So as of tonight, Sunday, no deal is final. Personally, I don't see giving the corporations a break if the rest of us have to take on more fiscal responsibility. The news media reports however make me very aware that this all is still much more about making deals behind closed doors than thinking about what is right for all of us.
Friday, February 13, 2009
Two things might be playing a factor in this: One, no one wants to let go of their cash and Two, a lot of people seem to be noticing that they don't really need the things on sale. It may well be a dawn of a new age. Less is more.
Meanwhile, there is a lot of concern about where the actual stimulus money is going to go and how much of it will actually get to we individuals who know we are going to need help in the near future. Are there going to be more and larger stimulus checks? Or will it show up in the form of better transportation and cheaper and more complete health insurance? Will the jobs that are supposed to appear actually be ones that people will want to work?
I asked the question other day - what is going to be the business/commerce of the 21st century? What will we produce that people need to exist healthily and happily? I think we need to broaden and deepen our commitment to the education of our future citizens. We need life long education for a variety of reasons, not the least of which is the need to learn how to live intelligently with our fellow human beings. But deeper than that we have to acknowledge that the computerization of our culture will lead to more leisure or at least more extra time that we will have to know how to use creatively enough so as to be happy in the result. I know this sounds idealistic but I am a realist. We have to face ourselves and where always wanting more has brought us.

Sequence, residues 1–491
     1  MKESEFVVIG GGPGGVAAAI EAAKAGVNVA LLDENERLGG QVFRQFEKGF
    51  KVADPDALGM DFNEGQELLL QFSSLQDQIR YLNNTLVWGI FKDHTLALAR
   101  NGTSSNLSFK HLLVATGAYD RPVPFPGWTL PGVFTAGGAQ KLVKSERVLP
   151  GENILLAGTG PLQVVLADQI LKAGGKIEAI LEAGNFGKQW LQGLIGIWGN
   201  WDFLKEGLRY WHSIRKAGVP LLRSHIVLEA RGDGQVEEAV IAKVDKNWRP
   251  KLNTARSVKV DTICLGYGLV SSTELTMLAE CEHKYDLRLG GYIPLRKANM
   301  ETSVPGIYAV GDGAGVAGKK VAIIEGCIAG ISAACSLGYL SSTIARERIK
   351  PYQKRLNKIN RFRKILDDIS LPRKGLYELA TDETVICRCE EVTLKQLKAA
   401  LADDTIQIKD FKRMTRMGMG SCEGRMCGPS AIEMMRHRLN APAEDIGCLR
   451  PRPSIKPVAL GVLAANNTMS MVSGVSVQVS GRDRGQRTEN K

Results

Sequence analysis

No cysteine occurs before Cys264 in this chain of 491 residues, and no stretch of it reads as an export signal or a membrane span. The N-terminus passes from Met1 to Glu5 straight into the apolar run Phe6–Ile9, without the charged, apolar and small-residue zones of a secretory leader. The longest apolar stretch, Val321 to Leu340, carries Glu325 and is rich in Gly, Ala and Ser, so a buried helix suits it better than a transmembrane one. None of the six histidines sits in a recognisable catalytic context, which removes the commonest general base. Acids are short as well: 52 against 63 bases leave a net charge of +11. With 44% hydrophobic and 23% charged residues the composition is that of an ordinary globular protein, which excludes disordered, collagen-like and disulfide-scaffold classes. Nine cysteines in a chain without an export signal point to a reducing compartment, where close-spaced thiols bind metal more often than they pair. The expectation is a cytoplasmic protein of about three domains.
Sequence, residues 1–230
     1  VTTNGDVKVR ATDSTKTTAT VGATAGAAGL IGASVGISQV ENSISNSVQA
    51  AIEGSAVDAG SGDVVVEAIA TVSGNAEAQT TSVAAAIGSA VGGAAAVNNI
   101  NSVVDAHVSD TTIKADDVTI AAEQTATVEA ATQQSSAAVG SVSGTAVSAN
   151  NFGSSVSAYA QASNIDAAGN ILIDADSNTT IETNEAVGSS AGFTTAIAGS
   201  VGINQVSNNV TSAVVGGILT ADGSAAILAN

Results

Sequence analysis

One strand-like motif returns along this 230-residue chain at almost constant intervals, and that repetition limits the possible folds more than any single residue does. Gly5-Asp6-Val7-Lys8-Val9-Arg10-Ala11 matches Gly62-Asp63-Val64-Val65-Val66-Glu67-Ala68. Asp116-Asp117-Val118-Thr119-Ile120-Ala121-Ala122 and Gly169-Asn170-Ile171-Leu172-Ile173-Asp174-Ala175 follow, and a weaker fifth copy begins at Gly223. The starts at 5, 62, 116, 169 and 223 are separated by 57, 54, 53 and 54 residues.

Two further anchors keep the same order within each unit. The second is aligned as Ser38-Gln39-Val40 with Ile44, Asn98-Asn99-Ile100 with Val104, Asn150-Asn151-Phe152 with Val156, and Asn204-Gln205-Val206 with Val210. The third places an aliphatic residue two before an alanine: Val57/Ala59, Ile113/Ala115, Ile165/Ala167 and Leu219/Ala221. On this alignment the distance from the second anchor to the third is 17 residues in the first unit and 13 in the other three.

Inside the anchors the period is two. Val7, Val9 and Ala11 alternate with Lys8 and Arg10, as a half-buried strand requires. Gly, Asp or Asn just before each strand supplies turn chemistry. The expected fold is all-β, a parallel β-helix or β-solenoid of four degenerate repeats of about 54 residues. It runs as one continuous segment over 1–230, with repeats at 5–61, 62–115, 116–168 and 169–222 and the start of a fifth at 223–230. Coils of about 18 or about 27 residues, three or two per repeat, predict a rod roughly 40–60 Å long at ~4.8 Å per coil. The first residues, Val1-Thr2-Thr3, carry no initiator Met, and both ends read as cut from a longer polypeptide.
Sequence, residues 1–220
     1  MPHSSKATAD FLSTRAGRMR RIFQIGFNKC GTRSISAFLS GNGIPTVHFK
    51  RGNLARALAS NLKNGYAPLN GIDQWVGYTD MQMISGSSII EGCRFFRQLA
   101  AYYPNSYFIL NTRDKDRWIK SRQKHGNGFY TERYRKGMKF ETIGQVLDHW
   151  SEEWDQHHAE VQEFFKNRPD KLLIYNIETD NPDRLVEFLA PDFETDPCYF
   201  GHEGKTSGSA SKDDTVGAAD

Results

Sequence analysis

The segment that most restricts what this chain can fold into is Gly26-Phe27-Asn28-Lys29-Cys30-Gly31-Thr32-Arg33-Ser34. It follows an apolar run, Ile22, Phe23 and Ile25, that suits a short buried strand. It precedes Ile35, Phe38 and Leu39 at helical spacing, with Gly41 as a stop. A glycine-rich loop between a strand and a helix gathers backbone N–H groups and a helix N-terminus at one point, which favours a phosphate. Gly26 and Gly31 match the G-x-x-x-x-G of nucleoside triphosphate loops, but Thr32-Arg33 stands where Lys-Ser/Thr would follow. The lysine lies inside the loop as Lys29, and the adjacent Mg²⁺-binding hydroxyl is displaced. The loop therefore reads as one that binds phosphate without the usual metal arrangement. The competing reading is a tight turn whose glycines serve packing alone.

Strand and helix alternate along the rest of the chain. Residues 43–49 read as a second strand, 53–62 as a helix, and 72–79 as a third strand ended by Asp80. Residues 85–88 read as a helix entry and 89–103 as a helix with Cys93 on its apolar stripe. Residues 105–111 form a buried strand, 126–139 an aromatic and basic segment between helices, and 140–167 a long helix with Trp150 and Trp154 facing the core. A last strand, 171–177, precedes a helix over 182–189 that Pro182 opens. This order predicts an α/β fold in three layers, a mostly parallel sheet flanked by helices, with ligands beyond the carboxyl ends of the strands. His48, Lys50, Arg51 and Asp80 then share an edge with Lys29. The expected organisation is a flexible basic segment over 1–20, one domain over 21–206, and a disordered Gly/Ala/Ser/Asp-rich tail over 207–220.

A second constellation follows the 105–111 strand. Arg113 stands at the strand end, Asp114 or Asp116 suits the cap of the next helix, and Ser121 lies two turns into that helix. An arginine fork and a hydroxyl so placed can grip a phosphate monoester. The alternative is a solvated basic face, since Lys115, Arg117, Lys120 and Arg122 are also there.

Okay, that's enough for now, I need to research and to think more before I go on.
Sunday, February 08, 2009
That’s because as the debate has roiled on and Roffman has followed it, heMeanwhile though Paul Armentano, deputy director of NORML, says the time for the cheap joke puns maybe past. Our writer couldn't resist cheapening his own arguements with a few snipes of his own. To my mind this is one of the main reason this has gone on so long. No one takes the complaint seriously. After all, pot isn't addictive so we could just stop toking and the problem would just go away, so goes the arguement.
has detected four sides, all of which, he said, don “blinders” when regarding
the other three. Group 1 emphasizes that most adults who smoke marijuana do so occasionally and “without really any harm,” Roffman said, “and that’s a very hard thing for us to publicly acknowledge.” Group 2 stresses that “a substantial number of marijuana smokers get into real trouble” and “derail” from functionality. Group 3 considers marijuana central to life on Earth and tends to live alternatively both culturally and politically, yet manages to function. And Group 4 entails medical users, whose approval in various states – California in 1996 – has helped soften
the stigma over time.
The writer then goes on to discuss the way the advertising world, the Kellog and Subway and Omega sponsors, have chosen to respond to this gathering storm of a situation. Finally, he takes a serious look at the real way real people through their achievements have blown the mythology about the harmfulness of this particular drug completely out of the water.
Saturday, February 07, 2009
Meanwhile, my favorite story about this issue is from Japan where a group of Sumo wrestlers have been allegedly suspended for using pot to enhance their appetites.